This post looks at the effects of the Nigerian economy in the rise and sustainability of Boko Haram. You can learn more about Boko Haram with full fact sheets, timelines, backgrounders and history here.
The Dominance of Oil in the Nigerian Economy
Nigeria’s largest export and the core of its economy is the abundant gas and oil reserves that make it Africa’s largest oil exporter and among the top five oil exporting nations globally. This dominant resource has contributed to the rise of Nigeria on the global stage but also the rise of corruption domestically.
In 2013, it was estimated that 10% of the country’s oil production was lost to theft. Nigeria’s economy remains susceptible to volatility in the oil market with this representing 96% of its export markets.
This volatility has helped to stir up domestic unrest with Boko Haram being the latest manifestation and also emphasizes the serious problem of government corruption in the country. The recent downturn in the global oil markets suggest a further strain on President Buhari’s government and efforts to combat Boko Haram and the grievances of those sympathetic to the organization.
If you are enjoying this Boko Haram Explainer and Backgrounder on the Nigerian economy you might also enjoy my Boko Haram Intelligence Brief available at Amazon.
There Are Other Options for the Nigerian Economy
Nigeria has the capacity for a far stronger agricultural sector with suitable climate and soil but so far lacks the political leadership and stability to implement growth and development here. The nation’s second largest export to oil is cocoa but the gap between the two is a reflection of the fundamental flaws in Nigeria’s economy and political system. Cocoa makes up only .7% of Nigeria’s exports.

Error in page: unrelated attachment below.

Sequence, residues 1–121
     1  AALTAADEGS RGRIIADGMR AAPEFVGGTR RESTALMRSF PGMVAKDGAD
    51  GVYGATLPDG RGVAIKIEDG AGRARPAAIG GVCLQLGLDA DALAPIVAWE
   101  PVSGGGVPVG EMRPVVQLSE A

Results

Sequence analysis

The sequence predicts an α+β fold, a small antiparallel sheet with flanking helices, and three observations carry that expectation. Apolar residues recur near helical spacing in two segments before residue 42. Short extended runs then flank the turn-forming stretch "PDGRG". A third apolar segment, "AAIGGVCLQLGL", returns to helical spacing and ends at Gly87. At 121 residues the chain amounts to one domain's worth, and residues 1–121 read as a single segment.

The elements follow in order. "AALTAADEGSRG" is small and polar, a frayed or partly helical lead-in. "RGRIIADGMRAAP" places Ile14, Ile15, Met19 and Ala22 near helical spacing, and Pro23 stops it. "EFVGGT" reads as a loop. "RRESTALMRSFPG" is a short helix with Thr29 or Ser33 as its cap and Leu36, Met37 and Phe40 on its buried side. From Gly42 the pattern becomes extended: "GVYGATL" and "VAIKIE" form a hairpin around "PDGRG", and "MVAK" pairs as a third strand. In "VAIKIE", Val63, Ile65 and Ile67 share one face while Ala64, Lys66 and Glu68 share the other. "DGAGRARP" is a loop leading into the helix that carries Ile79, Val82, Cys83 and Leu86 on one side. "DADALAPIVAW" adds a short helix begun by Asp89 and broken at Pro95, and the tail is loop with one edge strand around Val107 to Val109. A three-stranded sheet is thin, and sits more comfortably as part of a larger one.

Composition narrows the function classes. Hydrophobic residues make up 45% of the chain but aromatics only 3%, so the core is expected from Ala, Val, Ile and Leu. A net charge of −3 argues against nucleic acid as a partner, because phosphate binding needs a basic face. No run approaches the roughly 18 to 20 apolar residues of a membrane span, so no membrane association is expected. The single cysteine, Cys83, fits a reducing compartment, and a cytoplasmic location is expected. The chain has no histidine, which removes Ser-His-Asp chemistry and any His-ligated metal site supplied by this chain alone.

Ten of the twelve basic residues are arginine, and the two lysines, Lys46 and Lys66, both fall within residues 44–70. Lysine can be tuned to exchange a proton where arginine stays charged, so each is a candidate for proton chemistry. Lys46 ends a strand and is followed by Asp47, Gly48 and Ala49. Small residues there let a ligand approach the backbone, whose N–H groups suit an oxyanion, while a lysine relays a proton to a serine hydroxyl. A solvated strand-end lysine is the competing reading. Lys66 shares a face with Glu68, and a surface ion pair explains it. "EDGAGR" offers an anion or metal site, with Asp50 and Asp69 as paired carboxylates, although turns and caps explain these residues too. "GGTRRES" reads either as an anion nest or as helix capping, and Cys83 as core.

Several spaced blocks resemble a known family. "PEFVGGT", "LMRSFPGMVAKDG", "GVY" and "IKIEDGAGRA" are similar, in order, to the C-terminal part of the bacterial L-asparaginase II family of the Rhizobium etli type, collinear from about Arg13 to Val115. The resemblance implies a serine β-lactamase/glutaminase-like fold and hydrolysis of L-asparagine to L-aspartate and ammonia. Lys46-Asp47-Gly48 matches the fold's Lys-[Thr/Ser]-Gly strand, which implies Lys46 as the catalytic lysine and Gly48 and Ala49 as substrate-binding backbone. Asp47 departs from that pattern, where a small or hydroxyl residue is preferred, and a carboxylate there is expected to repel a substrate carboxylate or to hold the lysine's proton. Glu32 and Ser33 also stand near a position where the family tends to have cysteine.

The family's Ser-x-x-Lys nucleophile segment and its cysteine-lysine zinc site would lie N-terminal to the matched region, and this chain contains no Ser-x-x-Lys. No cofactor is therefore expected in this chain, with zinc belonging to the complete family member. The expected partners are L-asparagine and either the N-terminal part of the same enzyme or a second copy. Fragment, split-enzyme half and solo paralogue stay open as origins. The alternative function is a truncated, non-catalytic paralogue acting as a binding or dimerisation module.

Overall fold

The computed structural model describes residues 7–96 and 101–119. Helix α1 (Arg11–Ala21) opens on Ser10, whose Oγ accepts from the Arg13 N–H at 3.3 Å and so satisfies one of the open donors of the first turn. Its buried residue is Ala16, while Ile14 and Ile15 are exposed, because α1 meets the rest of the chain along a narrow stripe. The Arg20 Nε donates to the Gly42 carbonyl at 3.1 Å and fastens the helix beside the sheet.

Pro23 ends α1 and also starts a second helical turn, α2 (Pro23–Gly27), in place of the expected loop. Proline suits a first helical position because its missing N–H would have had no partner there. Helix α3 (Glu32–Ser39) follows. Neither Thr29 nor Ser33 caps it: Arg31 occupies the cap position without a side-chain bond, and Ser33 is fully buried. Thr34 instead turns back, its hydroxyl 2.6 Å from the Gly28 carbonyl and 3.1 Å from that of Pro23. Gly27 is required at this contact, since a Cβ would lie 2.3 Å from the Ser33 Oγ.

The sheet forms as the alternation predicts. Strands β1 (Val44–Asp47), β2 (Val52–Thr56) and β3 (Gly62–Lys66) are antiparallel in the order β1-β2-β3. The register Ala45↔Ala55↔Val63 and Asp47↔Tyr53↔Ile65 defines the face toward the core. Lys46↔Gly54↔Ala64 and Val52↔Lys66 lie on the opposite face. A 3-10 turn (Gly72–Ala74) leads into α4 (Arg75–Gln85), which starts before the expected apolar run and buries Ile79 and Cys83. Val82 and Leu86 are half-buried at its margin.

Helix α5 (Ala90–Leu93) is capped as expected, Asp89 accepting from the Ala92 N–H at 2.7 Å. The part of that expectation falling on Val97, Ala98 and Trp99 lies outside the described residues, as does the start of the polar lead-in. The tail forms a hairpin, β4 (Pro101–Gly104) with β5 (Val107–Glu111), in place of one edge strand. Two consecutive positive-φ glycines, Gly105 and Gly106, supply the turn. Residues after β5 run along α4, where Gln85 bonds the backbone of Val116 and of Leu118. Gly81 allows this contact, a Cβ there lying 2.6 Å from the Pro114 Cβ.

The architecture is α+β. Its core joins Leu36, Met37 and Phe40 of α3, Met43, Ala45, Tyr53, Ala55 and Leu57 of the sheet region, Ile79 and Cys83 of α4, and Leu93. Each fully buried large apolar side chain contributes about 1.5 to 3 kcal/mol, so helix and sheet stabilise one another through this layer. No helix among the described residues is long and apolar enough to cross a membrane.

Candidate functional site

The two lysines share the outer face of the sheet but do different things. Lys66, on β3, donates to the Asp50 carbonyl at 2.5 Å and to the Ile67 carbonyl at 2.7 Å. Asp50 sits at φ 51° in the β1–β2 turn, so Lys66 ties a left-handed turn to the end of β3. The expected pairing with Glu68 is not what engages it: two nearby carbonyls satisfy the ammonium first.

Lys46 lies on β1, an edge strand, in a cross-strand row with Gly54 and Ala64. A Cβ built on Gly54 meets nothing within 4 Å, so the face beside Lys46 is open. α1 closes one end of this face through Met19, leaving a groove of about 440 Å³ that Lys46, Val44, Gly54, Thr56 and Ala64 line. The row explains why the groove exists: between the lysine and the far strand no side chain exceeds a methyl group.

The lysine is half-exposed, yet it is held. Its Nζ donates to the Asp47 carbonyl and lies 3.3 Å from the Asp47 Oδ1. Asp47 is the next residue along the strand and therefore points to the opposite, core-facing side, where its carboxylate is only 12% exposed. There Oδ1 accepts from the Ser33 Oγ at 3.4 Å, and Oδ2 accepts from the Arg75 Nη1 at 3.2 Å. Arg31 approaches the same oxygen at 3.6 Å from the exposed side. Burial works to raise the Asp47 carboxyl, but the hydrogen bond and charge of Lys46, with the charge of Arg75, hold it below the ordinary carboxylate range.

The location of the bulk of Nigeria’s oil reserves being off the coast in the southern part of the country also adds to the understanding of how the deprived and poverty stricken north fostered the growth of a group like Boko Haram.
Thirty years ago the northern region of Nigeria was experiencing a boom in manufacturing. A study by the United Nations reported that 100,000 people in Kano alone were employed through this. This shifted in 1995 when the country joined the World Trade Organization. Tariffs and quotas that had protected local manufacturing were removed and Chinese imports flooded the markets effectively devastating the north. Today Kano has had to pass anti-panhandling laws to control begging. As rising poverty rates and a failing education system in the north collided together in northern Nigeria, extremist groups like Boko Haram could be seen as an inevitability.
Meanwhile, as Boko Haram has grown and become a greater threat to Nigeria and a greater outrage to the world, the nation has been pressured to pour money not into alleviating poverty or establishing economic reforms and strength but to fighting this consequence of prior failures.
In 2012 military spending was up 30% over the prior year in Nigeria and that number has continued to increase all the way to the present.